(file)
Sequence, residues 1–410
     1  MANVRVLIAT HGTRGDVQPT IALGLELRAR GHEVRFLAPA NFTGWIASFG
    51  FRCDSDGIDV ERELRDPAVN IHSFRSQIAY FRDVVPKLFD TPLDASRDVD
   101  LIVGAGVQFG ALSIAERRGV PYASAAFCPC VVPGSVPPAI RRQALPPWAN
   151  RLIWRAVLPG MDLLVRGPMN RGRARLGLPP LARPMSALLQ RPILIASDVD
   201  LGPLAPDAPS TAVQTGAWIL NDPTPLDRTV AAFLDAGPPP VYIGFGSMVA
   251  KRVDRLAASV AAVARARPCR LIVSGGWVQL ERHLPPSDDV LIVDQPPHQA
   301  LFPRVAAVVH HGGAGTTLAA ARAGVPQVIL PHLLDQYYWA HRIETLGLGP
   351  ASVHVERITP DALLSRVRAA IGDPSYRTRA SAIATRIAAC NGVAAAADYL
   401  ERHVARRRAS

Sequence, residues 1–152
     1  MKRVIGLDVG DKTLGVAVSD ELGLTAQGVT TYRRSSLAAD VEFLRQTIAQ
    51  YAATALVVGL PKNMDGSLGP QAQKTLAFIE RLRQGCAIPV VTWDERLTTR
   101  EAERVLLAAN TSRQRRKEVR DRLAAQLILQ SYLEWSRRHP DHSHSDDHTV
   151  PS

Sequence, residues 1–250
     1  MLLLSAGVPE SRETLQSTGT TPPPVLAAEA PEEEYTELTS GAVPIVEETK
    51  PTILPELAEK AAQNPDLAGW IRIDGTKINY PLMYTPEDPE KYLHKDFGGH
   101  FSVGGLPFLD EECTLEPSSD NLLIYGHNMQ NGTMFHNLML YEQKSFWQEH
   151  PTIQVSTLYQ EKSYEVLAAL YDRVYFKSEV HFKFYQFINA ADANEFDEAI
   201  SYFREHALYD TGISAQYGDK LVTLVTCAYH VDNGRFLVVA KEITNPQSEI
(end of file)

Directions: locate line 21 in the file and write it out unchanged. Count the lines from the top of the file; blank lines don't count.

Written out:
   201  SYFREHALYD TGISAQYGDK LVTLVTCAYH VDNGRFLVVA KEITNPQSEI